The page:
Hayward and Gobert: The new Stockton and Malone?

Hayward and Gobert: The new Stockton and Malone?

SALT LAKE CITY — Some things are just better together.

Peanut butter and jelly, for instance. Cookies and milk. Movies and popcorn.

Greg Ostertag and Fred Flintstone tattoos.

The short, feisty guy from Gonzaga and the tall, fierce man from Louisiana Tech.

As far as the Utah Jazz and their fans are concerned, there’s a new pair in the Beehive State that seems destined to team up as well as French fries and fry sauce.

Joe Ingles and wise cracks?

Fun, but not quite.

Gordon Hayward and Rudy Gobert.

One, Hayward, has elevated to an All-Star level since being drafted ninth overall in 2010 and has improved his all-around game and leadership skills while also increasing his scoring load for the seventh straight year.

The other, Gobert, has upped his game immensely since being a late first-round pick in 2013, has blossomed into a legitimate defensive player of the year and All-NBA candidate and just became the first player in league history to finish top three in both offensive and defensive rating, according to @HoopsStatistics.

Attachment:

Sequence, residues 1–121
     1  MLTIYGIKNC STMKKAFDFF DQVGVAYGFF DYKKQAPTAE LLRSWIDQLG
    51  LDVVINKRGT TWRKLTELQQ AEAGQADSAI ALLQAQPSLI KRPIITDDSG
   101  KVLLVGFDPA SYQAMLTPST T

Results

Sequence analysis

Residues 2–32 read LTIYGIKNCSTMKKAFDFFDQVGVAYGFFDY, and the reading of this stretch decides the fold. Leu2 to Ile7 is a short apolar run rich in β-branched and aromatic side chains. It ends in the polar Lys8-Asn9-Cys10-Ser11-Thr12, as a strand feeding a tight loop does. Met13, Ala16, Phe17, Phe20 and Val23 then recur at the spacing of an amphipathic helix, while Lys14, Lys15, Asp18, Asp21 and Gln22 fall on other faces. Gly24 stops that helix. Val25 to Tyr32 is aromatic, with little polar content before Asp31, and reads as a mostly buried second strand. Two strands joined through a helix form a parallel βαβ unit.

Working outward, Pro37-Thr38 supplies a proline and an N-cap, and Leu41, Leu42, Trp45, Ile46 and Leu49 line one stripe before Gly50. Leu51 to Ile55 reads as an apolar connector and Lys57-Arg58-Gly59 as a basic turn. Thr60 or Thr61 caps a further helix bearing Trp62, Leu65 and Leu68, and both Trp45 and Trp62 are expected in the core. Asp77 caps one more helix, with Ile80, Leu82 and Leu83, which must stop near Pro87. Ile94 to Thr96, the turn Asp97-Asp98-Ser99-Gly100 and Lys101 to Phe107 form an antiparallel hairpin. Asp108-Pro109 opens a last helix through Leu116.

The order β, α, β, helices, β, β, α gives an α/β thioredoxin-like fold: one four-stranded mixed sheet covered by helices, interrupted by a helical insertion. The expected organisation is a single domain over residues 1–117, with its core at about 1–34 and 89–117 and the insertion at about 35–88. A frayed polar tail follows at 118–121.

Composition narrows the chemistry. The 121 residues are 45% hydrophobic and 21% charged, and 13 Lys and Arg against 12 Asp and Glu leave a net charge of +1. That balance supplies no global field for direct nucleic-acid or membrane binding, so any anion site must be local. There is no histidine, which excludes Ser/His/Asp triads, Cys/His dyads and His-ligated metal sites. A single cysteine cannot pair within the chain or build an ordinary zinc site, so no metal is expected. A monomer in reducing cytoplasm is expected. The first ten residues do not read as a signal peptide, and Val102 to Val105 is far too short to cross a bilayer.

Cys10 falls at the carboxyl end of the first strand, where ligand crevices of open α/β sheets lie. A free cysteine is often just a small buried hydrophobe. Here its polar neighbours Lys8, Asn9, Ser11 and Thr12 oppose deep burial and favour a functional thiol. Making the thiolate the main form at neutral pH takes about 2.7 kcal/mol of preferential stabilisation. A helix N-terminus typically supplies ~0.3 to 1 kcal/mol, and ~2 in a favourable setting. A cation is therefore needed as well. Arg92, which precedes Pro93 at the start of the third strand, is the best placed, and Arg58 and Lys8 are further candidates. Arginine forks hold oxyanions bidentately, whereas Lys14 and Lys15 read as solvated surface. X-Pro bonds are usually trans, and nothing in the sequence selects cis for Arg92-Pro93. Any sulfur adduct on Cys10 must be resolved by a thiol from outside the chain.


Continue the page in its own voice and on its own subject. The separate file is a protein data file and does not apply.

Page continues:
Both players share traits that NBA coaches covet: talent, competitiveness, desire to improve, impressive work ethic, unique talents, teachability, versatility, leadership and drive.

It’s no wonder why Jazz general manager Dennis Lindsey and Utah management are hoping to keep this dynamic duo together as foundation cornerstones to continue to build and thrive around as long as they can. This situation will be given top priority by the franchise this offseason when Hayward likely opts out of the final year of his contract and becomes an unrestricted free agent.

“Gordon knows that if we don’t mess things thing up and Rudy’s able to maintain good health, we should be able to build a top five defense perennially,” Lindsey told the Deseret News. “My hope is that it will be the modern day version of John and Karl — that Rudy and Gordon will be that synonymous with the Jazz as well in the next 8-10 years.”